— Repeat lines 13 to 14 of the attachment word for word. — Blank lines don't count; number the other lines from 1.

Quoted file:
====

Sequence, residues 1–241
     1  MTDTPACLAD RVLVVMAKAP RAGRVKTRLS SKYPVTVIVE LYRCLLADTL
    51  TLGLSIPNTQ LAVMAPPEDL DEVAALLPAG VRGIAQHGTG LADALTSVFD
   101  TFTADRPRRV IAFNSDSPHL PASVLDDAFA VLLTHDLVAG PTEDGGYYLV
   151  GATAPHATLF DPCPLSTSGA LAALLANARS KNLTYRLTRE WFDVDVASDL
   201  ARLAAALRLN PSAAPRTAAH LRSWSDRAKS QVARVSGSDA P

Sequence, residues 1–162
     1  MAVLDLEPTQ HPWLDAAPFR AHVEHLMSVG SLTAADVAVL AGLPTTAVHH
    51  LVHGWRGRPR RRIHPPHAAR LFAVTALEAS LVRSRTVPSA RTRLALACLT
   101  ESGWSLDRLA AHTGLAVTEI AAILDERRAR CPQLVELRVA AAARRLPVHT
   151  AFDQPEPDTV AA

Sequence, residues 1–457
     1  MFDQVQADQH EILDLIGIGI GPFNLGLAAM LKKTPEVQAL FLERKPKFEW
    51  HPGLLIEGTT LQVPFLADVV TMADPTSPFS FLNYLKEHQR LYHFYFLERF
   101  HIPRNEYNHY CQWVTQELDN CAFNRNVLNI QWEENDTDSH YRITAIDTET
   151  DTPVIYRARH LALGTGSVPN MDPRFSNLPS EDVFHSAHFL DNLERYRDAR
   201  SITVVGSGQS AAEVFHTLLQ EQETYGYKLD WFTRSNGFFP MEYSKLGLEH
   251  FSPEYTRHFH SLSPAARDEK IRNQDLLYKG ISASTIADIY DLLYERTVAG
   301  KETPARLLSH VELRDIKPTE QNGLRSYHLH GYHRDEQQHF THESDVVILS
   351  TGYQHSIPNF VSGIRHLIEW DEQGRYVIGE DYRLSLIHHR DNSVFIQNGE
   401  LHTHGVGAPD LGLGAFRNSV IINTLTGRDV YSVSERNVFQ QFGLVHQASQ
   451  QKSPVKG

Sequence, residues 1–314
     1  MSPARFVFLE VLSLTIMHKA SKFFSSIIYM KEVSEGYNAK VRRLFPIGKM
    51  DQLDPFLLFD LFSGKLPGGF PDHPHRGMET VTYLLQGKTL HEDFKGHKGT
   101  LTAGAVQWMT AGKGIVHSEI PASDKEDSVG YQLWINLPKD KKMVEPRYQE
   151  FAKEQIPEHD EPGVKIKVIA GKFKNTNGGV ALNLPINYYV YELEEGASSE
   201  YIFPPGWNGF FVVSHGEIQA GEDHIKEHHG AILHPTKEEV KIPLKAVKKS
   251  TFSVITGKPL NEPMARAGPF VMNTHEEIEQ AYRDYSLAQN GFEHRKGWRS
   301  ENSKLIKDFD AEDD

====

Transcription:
     1  MFDQVQADQH EILDLIGIGI GPFNLGLAAM LKKTPEVQAL FLERKPKFEW
    51  HPGLLIEGTT LQVPFLADVV TMADPTSPFS FLNYLKEHQR LYHFYFLERF